WEEK 49 2021


Vern Woods, age 15, was killed at Clark Forney’s ranch on Miller Creek near Moorcroft, from a blow on the head received when helping to dehorn cattle.

The Fort Laramie Signal and Jay Em News (Fort Laramie, WY) Wednesday, November 7th, 1917


A Foul Murder

Pender, Nebr., July 29.—This town was intensely excited last night over the news of the foul murder of the six-year-old of W. J. Benjamin, a farmer living on the reservation, two miles west of town, by a Winnebago Indian. The boy, with his two brothers, was after their cattle which were pastured near their home when a wagon containing three Indians came up and one of the red devils fired five or six shots at the boys, one shot hitting James in the forehead. He was assisted to his home by his brothers. His mother, who was visiting at a neighbor’s, was sent for, but before she arrived the boy became unconscious. Dr. Stout, of Pender, was summoned, but he arrived too late, the boy having died. The sheriff and every citizen who could secure a horse or wagon went in pursuit of the Indians. The feeling against them is intense. It is thought that the Indians are from Wisconsin, being on a visit to the branch of the tribe situated on the reservation in the northern part of Thurston County. The coroner’s jury called to investigate the murder have returned a verdict that the deceased came to his death by a gunshot fired by an unknown Indian. Three Indians are now under arrest. Great excitement prevails and lynching is freely talked of.

The Sioux County Journal (Harrison, NE) Thursday, August 1st, 1889


SEVEN INJURED IN BLUFFS COLLISION

Four passengers and two trainmen were slightly injured Monday afternoon when the west bound passenger train No. 31 and east bound freight First 76 collided head on a half mile west of the Scottsbluff depot.

The force of the collision sent scores passengers sprawling from their seats, broke out window panes, and telescoped the cabs and tenders of both engines. Crews escaped serious injury by leaping from the train.

Those hurt were:

  • Engineer Maron, of 31, bruised about the left shoulder, arm, and hip
  • Fireman Bernard Bradley, Alliance, of 31, nose and wrist bruised and skinned
  • H. Johnson, conductor of 31, knocked senseless when he was hurled to the floor of the car and generally bruised.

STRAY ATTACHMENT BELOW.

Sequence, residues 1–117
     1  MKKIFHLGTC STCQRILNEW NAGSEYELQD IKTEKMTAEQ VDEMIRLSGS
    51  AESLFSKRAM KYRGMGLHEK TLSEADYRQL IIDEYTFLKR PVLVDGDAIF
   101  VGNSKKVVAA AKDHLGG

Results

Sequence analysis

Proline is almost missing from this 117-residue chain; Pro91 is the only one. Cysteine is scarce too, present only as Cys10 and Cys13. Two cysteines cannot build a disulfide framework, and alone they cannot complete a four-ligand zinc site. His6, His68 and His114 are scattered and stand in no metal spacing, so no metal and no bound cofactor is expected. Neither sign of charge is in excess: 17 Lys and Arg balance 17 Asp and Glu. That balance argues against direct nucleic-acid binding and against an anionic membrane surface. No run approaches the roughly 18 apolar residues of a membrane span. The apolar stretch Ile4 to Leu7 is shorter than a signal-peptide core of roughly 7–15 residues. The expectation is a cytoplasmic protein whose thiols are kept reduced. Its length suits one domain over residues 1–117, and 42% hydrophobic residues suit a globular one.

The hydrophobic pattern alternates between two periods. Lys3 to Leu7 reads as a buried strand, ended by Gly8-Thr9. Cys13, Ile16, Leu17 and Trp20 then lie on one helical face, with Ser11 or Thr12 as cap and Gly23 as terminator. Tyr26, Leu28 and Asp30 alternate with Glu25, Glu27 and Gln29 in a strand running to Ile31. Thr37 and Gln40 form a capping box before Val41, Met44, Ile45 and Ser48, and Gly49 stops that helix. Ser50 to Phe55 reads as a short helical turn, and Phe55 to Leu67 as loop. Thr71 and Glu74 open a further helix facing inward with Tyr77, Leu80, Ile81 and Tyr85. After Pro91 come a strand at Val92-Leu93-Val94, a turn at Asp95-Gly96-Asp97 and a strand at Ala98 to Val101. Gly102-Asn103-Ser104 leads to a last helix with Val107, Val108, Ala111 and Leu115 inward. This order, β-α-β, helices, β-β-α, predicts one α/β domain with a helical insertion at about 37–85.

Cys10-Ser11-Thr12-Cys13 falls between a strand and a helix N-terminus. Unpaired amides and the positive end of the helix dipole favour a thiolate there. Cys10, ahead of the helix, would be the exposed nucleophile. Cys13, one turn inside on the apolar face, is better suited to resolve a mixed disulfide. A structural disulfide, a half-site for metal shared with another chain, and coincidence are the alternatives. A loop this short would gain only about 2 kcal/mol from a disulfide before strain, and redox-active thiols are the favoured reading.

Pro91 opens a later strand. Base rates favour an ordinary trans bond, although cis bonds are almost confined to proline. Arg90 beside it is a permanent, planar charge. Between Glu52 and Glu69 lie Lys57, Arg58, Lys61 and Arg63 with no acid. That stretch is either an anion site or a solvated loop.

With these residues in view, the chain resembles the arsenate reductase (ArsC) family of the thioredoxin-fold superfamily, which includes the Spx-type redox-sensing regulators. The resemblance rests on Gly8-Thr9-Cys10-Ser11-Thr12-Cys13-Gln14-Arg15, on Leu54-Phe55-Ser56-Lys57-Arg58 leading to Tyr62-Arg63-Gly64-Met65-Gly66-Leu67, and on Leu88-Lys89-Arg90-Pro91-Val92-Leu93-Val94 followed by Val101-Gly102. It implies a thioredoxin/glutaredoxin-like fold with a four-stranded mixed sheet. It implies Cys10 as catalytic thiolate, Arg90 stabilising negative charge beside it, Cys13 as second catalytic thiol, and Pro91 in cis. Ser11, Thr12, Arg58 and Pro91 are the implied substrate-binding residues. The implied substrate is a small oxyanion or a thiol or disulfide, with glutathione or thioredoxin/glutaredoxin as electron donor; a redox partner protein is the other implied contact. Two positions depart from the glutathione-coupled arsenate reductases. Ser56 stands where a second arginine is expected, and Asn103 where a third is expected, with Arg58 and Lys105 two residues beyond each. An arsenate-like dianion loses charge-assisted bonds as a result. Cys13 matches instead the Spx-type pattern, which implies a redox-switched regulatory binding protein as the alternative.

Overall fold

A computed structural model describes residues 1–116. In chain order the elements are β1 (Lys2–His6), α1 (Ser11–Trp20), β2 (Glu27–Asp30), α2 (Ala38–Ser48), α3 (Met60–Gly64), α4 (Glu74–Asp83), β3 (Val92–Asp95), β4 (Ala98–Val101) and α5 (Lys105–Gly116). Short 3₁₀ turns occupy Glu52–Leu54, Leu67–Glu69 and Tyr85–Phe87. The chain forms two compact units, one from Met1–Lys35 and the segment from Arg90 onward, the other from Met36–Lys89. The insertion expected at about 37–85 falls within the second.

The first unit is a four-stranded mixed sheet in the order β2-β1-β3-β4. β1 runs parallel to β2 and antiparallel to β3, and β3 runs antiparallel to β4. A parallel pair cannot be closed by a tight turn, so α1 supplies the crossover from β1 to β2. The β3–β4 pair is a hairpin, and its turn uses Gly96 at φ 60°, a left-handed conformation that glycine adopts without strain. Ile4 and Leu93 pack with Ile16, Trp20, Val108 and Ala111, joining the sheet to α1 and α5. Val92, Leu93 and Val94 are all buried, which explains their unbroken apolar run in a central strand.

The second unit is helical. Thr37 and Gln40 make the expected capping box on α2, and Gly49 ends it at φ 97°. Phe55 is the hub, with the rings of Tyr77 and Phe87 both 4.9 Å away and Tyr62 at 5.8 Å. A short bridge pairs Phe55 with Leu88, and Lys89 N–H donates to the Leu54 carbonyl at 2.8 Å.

• Mrs. Carl Alvin, Casper, Wyo., nose injured
  • Harry Van Heusin, 1429 Fletcher Street Chicago, chest hurt
  • F. J. Foley, Minneapolis, left hip bruised
  • M. Barraclough, Kearney, generally shocked and bruises

The passenger was five hours late into Torrington.

The Goshen County Journal (Torrington, WY) Thursday, September 7th, 1922


1930

Mysterious Disappearance

Stuart, Neb., Aug. 4.—James E. Stewart, for twenty years a resident of Holt County, mysteriously disappeared some days ago and has not been found. He has recently suffered financial reverses that seemed to have affected his mind. The horse he rode when going away has been found. It is thought he has either suicided or wandered away.

The Alliance Herald (Alliance, NE) Friday, August 8th, 1902


The body of a newborn infant was found near the rolling mill in Laramie, and officers are searching for the mother.

The Wheatland World (Wheatland, WY) Friday, August 30th, 1912


ANCIENT TRICK PROVES OWNERSHIP OF STEER

The Alden Cattle Company, plaintiff in the case of the Alden Cattle Company against H. Scott Welker, won possession of a steer, ownership of which was under controversy, in county court Monday, says the Bridgeport News-Blade. For some reason, when the steer was branded as a yearling, a marked dime was slipped under the hide of the animal. Later, Welker ear-marked the animal as his own, it is alleged, and took possession. The steer was replevined a week ago and the telltale dime removed and introduced as evidence of ownership by the plaintiff in the case. The trick is as old as the cattle business, but judging by the findings of the court, it is adaptable to modern days.

The Western Nebraska Observer (Kimball, NE) Thursday, June 28th, 1928

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